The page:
• September 29, 2020

Zoom is Sued for ‘Streaming’ Infant PORNOGRAPHY During a Church’s Bible Study in America

Zoom faces litigation after a church located in San Francisco, United States of America (USA) sued the video calling application company for an alleged streaming of pornographic content during their Bible Study service.

The church alleges that 42 minutes into the class, their computer screens were “hijacked” and “control buttons disabled” while pornographic video was streamed.

The said Bible Study was held on May 6 by Saint Paulus Lutheran Church – one of the oldest churches in the city. The teaching class held via Zoom was attended by plenty senior citizens.

Zoom gained lots of popularity during this coronavirus pandemic as virtual gatherings became imperative.

The lawsuit states that: “The footages were sick and sickening — portraying adults engaging in sexual acts with each other and performing sexual acts on infants and children, in addition to physically abusing them.”

The church’s frustration against Zoom was compounded when video calling application company admitted the hacker was a “known serial offender” who had been reported many times to the authorities.”

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In the suit, the plaintiffs accuse Zoom of “prioritizing profit and revenue over data protection and user security” and are seeking damages for negligence, invasion of privacy and violations of California state consumer protection and privacy statutes among other things.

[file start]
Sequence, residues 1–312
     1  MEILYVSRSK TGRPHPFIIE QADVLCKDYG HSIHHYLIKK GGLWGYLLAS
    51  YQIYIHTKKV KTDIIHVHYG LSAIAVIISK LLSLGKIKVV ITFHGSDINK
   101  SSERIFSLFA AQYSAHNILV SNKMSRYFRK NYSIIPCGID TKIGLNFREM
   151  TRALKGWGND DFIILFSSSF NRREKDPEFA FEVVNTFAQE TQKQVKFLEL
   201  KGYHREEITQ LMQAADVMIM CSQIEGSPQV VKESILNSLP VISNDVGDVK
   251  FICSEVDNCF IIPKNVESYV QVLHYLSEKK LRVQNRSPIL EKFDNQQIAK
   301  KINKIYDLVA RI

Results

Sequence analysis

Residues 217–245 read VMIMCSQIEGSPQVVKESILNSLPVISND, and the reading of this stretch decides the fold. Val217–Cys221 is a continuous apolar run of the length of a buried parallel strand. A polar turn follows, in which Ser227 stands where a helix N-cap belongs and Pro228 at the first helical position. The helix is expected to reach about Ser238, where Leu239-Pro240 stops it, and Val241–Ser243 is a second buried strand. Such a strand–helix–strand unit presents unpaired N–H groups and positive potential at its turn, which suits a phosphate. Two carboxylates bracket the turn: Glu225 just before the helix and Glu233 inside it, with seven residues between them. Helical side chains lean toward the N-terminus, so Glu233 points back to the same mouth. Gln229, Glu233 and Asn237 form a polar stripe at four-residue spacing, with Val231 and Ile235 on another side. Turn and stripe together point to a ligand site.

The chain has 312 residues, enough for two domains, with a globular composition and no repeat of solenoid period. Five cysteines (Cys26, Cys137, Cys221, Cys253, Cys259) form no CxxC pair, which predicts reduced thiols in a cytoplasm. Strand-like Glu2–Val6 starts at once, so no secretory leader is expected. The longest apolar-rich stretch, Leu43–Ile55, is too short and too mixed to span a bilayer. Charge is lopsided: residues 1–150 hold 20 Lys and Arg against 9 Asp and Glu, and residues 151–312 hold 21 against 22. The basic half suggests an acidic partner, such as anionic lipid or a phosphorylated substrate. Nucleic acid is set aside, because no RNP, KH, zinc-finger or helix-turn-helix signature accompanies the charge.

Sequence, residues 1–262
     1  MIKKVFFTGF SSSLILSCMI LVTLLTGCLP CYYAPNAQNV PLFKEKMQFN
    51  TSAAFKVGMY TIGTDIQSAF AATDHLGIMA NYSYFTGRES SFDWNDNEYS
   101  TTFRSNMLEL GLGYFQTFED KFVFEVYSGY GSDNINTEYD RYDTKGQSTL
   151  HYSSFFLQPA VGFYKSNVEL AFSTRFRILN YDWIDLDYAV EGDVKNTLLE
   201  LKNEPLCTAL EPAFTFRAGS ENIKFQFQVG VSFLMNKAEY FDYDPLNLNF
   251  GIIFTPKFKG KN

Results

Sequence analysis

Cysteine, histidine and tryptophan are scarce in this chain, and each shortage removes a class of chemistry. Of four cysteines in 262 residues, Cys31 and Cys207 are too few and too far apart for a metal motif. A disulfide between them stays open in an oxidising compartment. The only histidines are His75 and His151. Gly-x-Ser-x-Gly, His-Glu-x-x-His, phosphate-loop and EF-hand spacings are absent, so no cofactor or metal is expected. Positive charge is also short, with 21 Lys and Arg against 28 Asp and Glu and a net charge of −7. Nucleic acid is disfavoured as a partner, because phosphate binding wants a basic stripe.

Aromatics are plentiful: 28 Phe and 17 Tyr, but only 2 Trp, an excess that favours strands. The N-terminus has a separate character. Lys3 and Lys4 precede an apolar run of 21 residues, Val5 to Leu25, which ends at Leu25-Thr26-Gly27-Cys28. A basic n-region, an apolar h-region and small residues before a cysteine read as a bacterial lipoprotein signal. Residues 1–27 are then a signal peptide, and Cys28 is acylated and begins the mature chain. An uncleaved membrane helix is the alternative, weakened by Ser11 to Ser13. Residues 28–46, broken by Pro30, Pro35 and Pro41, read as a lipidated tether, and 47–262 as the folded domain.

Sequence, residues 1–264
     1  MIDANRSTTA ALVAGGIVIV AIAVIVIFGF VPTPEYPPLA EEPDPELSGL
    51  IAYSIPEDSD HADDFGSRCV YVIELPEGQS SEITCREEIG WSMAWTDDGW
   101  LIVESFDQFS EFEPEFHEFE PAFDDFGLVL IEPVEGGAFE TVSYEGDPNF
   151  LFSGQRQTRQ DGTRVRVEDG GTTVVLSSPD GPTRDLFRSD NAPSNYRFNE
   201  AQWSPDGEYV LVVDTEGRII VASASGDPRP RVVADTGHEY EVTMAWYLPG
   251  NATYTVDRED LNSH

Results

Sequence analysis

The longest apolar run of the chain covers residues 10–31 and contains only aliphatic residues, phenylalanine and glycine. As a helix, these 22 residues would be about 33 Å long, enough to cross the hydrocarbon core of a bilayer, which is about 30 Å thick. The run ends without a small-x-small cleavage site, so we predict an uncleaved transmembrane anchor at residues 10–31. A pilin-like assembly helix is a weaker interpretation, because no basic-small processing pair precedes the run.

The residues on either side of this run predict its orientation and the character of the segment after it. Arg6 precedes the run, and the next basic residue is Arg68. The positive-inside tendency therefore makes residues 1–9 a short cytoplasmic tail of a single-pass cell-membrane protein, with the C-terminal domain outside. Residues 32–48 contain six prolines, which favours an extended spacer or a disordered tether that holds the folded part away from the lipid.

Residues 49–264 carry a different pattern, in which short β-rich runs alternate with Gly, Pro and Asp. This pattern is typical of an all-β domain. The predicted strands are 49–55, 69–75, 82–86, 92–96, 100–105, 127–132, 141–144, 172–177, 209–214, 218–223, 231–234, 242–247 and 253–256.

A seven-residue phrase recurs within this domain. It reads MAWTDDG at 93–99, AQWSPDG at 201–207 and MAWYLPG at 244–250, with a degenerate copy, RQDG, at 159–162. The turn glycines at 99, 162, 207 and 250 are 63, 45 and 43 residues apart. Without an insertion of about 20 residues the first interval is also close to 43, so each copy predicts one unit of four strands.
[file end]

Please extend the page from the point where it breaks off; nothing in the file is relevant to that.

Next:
“The Church filed this lawsuit only after Zoom refused to take its concerns seriously,” Mark Molumphy, one of the church’s lawyers, told CNN in an email statement.

Molumphy, a partner at Cotchett, Pitre & McCarthy One, said:

“One would think that Zoom — having been informed of the Church’s horrific experience would’ve done everything possible to acknowledge and fix the security vulnerabilities of its platform. Instead, the Church was basically ignored, and Zoom likely hoped that the Church would just go away. However, it is not going away, and instead, courageously stepping up to try to change Zoom’s practices and make sure this doesn’t happen again to anyone else.”

The lawsuit also added that when students tried ending the session and starting over, the hacker attacked again.

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Zoom disputed the church’s claims that it did not immediately take action following the incident.

“We were deeply upset to hear about this incident, and our hearts go out to those impacted by this horrific event. Words cannot express how strongly we condemn such behavior,” a spokesperson for Zoom said in an email statement to CNN.

The spokesperson referred users to a series of information that highlighted the security enhancements Zoom has made in recent months. The blog posts reveal security tips such as making meeting passwords a default and updating its encryption standard.

“Our hearts go out to those impacted. On the same day we learned of this incident, we identified the offender, took action to block their access to the platform and reported them to the relevant authorities,” said Zoom spokesperson.

Zoom thereby encourage users to report any incidents of this kind either to them Zoom or directly to law enforcement authorities for pertinent actions and sanctions

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It also spurred all meeting hosts to take advantage of Zoom’s recently updated security features and follow other best practices. Users are advised not to broadly share meeting identities and passwords online.

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Femi Oshin

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